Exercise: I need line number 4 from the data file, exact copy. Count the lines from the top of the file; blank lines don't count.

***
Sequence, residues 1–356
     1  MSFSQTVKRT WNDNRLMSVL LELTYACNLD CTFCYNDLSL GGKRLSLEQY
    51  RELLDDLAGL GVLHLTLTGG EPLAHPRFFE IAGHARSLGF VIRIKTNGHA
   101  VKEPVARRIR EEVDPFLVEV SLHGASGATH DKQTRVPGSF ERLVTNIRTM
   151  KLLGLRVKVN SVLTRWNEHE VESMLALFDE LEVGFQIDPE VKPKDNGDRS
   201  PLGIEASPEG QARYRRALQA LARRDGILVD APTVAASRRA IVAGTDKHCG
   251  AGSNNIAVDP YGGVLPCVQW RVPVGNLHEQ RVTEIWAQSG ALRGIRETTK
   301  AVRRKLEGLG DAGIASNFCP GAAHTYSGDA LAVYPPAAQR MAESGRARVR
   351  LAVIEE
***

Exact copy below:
   101  VKEPVARRIR EEVDPFLVEV SLHGASGATH DKQTRVPGSF ERLVTNIRTM